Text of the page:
Signs of revival in South West property market

Stock image.
Stock image.

REIWA councillor Joe White is seeing a resurgence in parts of the South West market.

The Dunsborough resident said in the past 12 months, six old cottages within a 150m radius of his home had been demolished and redeveloped or were in the process of redevelopment.

“I have never seen this in my life, so it marks a tipping point in both who is building these houses and also the recognition that the old houses have reached their use-by date,” he said.

“The owners are all building to live there, or a view to living there at least part-time once they have retired.

“The demographic therefore is either retirees wanting to be close to town and beach or people in the 55 to 65 pre-retirement, but in the retirement planning stage of their lives.”

Yallingup’s housing market has surged ahead on the back of permanent residents wanting to settle.

Mr White said it was telling that there were no dedicated holiday home builders in the mix.

“This is further reflected in Eagle Bay and Yallingup where in the pre-GFC era these villages were level pegged, but Yallingup has surged ahead on the back of permanent residents wanting to settle there, whereas at Eagle Bay the same story has not manifested, and being a holiday home location where it’s not an essential item, the market has languished,” he said.

Bunbury was another source of optimism.

“Bunbury represents a buying opportunity that has left agents and valuers with dropped jaws,” Mr White said.

“When the valuers start to buy, you know it’s good value.”

Joe White.

Mr White said while turnover in the property market statewide was the lowest it had been since 1990-91, when the population was significantly lower, it was easy to feel depressed, but the fundamentals of a recovery were there, including:

1.Vacancy rates in permanent residential properties have dropped significantly and steadily. More demand for rentals doesn’t necessarily mean there is an inflow of people into the state, but it probably does say that the outflow has stopped.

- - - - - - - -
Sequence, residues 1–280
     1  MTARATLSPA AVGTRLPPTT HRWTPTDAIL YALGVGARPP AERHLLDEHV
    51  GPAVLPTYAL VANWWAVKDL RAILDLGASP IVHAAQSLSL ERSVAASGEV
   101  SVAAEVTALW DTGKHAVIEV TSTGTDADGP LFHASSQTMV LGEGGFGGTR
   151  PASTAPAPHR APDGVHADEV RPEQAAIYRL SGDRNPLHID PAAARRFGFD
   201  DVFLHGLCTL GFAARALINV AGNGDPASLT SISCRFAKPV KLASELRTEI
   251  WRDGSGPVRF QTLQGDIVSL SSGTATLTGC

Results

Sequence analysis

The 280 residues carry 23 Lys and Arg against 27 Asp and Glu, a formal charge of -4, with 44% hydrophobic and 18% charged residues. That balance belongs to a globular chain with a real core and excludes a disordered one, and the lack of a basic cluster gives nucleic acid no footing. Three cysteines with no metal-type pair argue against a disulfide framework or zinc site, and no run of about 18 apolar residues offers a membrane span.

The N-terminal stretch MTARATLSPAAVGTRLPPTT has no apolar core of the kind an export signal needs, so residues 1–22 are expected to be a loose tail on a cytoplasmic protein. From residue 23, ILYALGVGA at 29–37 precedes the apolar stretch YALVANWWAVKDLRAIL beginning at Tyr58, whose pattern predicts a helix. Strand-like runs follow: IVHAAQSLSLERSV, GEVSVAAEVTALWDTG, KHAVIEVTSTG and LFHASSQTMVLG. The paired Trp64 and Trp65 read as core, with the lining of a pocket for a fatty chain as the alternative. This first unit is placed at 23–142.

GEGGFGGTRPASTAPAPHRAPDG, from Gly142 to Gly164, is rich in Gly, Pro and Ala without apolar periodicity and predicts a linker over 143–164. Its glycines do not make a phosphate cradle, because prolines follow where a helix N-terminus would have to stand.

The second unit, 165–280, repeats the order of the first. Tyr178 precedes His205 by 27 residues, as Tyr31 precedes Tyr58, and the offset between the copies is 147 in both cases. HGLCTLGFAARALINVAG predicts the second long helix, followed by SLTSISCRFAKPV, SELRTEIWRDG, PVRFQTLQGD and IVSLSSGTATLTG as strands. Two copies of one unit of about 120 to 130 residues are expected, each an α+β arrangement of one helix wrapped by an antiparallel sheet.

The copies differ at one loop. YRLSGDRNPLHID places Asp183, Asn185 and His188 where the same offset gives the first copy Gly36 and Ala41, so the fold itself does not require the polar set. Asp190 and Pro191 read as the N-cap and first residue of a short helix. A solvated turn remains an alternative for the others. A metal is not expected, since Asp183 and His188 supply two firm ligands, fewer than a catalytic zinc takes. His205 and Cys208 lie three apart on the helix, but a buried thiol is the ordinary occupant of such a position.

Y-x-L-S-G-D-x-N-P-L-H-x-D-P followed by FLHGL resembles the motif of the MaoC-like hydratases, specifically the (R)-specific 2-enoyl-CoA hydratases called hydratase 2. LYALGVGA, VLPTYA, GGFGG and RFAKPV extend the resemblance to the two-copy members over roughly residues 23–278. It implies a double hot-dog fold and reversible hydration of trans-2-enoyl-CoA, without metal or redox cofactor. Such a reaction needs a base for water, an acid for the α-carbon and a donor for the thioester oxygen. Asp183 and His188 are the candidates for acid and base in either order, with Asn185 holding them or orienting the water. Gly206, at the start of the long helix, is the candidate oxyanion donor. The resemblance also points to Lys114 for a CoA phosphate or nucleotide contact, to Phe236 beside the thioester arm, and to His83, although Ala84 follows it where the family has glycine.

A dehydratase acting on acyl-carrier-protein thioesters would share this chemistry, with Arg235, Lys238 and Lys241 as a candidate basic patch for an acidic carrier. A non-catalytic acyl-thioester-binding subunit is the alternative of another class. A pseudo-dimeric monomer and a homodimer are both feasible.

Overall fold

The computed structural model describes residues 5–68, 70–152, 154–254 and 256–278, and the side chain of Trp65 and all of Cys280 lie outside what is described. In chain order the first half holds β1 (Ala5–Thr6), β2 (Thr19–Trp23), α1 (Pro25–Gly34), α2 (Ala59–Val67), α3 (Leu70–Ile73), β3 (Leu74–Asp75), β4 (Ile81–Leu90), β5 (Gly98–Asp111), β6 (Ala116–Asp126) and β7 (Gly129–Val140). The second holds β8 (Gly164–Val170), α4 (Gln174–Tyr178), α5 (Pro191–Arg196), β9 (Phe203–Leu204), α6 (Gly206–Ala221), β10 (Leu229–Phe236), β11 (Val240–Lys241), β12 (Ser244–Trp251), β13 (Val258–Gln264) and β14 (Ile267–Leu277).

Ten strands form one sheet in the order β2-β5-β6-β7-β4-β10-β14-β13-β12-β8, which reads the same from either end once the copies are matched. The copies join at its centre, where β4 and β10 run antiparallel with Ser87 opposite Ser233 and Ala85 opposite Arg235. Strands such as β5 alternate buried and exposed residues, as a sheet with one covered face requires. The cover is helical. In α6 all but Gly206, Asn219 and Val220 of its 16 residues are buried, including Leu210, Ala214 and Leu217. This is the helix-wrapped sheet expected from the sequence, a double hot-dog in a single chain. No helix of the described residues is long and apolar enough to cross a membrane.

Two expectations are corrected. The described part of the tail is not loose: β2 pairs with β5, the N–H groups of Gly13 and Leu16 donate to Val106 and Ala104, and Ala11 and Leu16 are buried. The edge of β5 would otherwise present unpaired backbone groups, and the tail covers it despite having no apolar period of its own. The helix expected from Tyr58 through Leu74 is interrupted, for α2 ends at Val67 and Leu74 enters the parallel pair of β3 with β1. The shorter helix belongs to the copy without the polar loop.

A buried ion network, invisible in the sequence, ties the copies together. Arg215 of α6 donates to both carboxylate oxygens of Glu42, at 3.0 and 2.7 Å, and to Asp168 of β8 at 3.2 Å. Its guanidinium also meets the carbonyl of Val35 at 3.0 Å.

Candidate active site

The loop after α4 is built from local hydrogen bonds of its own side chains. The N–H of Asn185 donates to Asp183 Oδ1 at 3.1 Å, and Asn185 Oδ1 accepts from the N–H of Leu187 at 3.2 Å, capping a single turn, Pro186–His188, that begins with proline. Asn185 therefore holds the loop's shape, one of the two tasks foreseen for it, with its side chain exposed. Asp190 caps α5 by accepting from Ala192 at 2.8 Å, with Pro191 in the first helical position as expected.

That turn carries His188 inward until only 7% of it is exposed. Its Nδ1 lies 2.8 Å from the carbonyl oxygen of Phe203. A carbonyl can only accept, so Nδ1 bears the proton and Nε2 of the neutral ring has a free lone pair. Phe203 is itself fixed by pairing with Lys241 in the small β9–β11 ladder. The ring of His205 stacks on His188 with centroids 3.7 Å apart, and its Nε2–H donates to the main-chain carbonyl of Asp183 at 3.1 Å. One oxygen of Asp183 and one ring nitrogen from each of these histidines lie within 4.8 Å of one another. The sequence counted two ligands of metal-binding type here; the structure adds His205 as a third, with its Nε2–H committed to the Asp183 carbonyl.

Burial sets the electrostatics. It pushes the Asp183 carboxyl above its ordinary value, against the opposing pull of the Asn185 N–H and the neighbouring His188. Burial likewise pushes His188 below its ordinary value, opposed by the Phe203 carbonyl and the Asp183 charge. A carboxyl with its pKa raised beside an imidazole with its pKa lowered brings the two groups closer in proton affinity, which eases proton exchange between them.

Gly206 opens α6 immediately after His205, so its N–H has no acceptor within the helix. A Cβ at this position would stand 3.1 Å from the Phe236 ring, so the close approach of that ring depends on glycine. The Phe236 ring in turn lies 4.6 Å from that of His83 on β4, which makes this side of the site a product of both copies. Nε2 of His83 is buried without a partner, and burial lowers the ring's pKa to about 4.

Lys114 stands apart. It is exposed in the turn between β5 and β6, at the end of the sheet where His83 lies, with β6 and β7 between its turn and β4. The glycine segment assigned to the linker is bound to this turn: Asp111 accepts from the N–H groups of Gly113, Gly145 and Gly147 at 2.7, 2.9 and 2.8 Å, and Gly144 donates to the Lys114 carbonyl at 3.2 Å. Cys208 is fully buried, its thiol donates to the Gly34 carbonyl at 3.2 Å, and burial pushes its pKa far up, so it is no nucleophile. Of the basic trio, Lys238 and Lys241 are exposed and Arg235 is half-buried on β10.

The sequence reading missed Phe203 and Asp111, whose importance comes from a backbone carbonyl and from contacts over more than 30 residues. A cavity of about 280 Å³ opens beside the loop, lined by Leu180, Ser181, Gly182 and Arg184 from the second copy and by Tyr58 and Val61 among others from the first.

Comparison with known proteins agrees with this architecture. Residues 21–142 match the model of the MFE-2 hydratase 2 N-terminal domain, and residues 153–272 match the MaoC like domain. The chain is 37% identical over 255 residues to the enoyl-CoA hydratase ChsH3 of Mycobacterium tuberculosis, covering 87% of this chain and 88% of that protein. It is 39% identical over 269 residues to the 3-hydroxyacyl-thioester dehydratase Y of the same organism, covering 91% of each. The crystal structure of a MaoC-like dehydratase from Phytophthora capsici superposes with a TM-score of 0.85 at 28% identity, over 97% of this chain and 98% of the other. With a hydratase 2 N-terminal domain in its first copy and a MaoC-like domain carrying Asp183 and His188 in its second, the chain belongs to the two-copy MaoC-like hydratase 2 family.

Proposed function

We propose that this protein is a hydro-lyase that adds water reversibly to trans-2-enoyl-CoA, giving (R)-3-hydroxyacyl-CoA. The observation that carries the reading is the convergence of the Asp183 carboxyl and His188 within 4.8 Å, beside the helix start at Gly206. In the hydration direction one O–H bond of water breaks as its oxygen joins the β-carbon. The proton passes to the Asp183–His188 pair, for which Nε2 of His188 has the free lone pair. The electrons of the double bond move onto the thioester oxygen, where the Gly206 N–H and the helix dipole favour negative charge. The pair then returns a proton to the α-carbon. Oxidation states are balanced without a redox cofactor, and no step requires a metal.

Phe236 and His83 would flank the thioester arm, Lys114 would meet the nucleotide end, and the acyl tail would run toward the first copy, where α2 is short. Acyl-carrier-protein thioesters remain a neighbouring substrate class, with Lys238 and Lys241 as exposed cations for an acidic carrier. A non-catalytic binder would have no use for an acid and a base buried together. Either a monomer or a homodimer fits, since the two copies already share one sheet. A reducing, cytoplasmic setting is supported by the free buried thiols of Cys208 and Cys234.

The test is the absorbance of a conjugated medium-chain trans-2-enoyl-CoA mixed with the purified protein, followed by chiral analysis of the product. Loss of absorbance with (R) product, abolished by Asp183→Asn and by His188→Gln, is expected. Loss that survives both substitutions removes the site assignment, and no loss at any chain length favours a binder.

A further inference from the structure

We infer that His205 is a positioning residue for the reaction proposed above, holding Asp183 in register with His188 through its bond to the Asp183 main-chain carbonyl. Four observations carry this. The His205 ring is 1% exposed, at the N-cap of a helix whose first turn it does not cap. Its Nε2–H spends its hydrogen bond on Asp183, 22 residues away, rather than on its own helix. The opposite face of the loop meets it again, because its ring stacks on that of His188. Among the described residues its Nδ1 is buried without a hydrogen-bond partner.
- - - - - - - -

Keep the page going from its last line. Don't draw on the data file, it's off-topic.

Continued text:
2.If people are knocking down 50-year-old cottages and rebuilding significant homes, even though there is no property transfer to point at, there is an increase in the housing supply as the old cottages were at best temporary holiday accommodation only.

3.Locally, the FIFO workforce is buoyant again, however the skill set is changing. IT experts on driverless trucks and the like are FIFO jobs not typically seen in the past.

4.The towns are still growing, so even if prices are not rising, the population is. Dunsborough, Busselton and the Greater Bunbury region are planning for continued growth.

 

 

Locals love the lifestyle of the South West.

5.Housing in WA is quite possibly at its most affordable level for 30 years and when you consider the influences on sentiment keeping people cautious, you realise that it is only sentiment holding a recovery back as the fundamentals of a strong economy are in very good shape.

6.While the eastern states has gone into a slump, WA has been in one since 2014 and is due to come out of the dark tunnel they are currently entering. There’s nothing new about WA being counter-cyclical to the rest of the country.

7.The policy settings on monetary policy will be dictated by the needs of Melbourne and Sydney, so an interest rate drop will have a bigger effect here than over there because we’re ready to boom, not dying down.

8.A Federal Election where negative gearing is an issue fuels nervousness and a Federal Budget showing a surplus shows a recovery in our tax base. Business loves to see governments balance their books as well, because if they don’t, all it says is “not yet” for tax hikes.

RELATED: Election uncertainty affects Perth market

9.The State Budget deficit is under control – more good news.

Mr White said in the short-term the market was frustrating, but he is a medium-term optimist.

“Let’s not forget that these things go in cycles,” he said.

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